The key for players to replay jellyfish video games could be broken, and that could result in key duplication.
Researchers at Purdue University have shown that the game keys can be duplicated at a high rate even after the original key is lost, even after it is replaced by another.
They have also found that the duplication is more likely to occur if a player tries to replay the game twice, which may lead to a key duplication event that leads to a game crash.
“It’s important to note that we don’t have a mechanism to ensure that the duplicated key is properly transmitted to the network, but that would not be a problem if the duplicates were to occur repeatedly,” said lead researcher Rui-Fang Wang.
“This is a problem for games like Jellyfish that are popular on the Internet, as well as for other similar types of video games.”
Wang and his colleagues have been studying the problem since 2015, and the findings were recently published in the journal PLOS ONE.
The team analyzed the data of 2,500 games played by 7,000 players in two experiments.
In the first experiment, they looked at the behavior of a key that was duplicated in one of the games.
The researchers analyzed the behavior and size of the key that had been duplicated.
They found that duplicated keys had a larger chance of being transmitted to servers, and they had a higher chance of hitting servers than the original keys.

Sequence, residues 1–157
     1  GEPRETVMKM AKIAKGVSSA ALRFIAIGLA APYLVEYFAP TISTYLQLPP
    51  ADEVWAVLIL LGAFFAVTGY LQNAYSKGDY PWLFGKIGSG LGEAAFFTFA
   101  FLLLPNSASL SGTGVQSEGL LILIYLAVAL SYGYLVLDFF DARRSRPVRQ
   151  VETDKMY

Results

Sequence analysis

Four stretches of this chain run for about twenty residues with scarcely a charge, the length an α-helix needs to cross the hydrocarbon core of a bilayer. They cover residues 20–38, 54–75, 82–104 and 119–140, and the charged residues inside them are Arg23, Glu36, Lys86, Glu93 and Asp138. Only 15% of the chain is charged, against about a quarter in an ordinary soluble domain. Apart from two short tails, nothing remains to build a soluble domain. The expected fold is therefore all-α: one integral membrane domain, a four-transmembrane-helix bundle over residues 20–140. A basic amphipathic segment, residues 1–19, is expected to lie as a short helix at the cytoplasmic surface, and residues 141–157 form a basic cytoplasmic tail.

In contrast, the size of duplicates was similar in all of the cases.
In both experiments, the number of duplicate keys that were transmitted to server servers varied greatly.
This could lead to key duplication events that lead to crashes.
The authors suggest that players should be careful when trying to replay their own games.
“The most effective solution for a key-to-key duplication problem is to have multiple key replications,” Wang said.
“If you can get a player to replay a game several times, that’s great, but if you have more than one player trying to play at the same time, it might be better to use multiple keys.
The key duplication problem can occur in any game, but it’s more common when a player replicates his or her own key than it is in the case of other types of games.”
For more information about the study, contact Rui Wang at [email protected] or (765) 894-5868.